Voth v. Chrysler Motor Corporation

Annotate this Case

218 Kan. 644 (1976)

545 P.2d 371

DEAN VOTH, Appellant, v. CHRYSLER MOTOR CORPORATION and CHRYSLER CORPORATION, Appellees.

No. 47,822

Supreme Court of Kansas.

Opinion filed January 24, 1976.

Douglas J. Moshier, of Coombs, Lambdin, Kluge & Garrity, Chartered, of Wichita, argued the cause, and Donald E. Lambdin, and Ted L. Peters, of the same firm, were with him on the brief for the appellant.

Jerry G. Elliott, of Foulston, Siefkin, Powers & Eberhardt, of Wichita, argued the cause, and Frederick L. Haag, of the same firm, was with him on the brief for the appellees.

The opinion of the court was delivered by

KAUL, J.:

This is a personal injury action seeking damages for alleged breaches of express and implied warranties in connection *645 with the purchase by plaintiff-appellant of a new Chrysler automobile on August 8, 1969.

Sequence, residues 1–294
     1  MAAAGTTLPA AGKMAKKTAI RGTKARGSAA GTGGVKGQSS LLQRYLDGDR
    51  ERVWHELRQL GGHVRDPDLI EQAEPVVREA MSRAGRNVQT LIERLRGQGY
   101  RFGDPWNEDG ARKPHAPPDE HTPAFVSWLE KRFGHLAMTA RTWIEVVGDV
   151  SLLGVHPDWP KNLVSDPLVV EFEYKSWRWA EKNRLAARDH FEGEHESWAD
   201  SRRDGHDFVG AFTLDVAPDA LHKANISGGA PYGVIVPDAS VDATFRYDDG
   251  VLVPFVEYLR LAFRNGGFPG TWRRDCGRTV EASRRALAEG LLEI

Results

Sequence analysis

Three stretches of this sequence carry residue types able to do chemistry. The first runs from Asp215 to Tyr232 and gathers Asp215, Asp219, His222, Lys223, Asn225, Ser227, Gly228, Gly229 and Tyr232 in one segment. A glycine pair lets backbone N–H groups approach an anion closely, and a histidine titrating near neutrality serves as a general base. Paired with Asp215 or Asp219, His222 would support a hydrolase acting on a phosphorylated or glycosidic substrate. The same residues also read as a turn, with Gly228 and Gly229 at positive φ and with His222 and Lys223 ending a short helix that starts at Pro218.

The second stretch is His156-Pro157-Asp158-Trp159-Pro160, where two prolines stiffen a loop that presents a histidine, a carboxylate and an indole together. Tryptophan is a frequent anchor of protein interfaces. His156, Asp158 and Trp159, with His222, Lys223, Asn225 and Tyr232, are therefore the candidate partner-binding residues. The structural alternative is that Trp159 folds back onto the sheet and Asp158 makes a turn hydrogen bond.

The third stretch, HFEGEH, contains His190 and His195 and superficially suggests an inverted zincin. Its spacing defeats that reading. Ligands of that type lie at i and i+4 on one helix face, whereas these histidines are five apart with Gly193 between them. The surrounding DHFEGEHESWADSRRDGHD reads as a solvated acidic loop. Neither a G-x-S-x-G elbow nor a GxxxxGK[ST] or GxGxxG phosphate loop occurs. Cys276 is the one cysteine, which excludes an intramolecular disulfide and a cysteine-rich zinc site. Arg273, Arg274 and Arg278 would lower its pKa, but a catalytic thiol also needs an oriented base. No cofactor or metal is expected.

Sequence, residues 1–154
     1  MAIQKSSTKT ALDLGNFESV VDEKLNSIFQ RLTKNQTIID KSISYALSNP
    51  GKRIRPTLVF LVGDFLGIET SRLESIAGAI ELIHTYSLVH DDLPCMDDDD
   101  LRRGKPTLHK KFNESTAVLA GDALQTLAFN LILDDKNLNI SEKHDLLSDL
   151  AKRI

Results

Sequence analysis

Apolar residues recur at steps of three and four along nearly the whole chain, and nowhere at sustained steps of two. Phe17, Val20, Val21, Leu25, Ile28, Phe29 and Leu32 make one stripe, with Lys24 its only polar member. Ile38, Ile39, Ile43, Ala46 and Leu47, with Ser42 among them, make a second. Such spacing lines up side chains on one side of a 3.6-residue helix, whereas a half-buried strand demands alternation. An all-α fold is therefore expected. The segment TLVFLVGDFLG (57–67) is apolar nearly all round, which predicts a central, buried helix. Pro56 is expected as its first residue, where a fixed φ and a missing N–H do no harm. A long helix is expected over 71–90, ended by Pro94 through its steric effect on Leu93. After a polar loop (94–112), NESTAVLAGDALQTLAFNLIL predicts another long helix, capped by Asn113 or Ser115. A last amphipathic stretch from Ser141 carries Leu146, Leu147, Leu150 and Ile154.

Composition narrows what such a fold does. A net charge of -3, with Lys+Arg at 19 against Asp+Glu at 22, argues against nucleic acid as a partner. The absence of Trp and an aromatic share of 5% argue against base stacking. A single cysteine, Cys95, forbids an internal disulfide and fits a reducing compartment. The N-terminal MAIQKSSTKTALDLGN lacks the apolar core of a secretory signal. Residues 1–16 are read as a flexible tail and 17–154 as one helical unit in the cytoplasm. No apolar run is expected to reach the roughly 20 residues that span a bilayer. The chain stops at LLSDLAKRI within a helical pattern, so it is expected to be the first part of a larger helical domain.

The question presented is whether plaintiff's action is barred by the statute of limitations in contracts for sale set out in K.S.A. 84-2-725 of the Uniform Commercial Code. Plaintiff appeals from an adverse ruling entered on summary judgment by the trial court. The record before us consists only of plaintiff's petition, defendants' answer, motion for summary judgment, and the journal entry of the trial court's ruling thereon. The issue before us is of first impression.

The gist of plaintiff's petition is set forth in paragraphs 5, 6, 7 and 8 which read: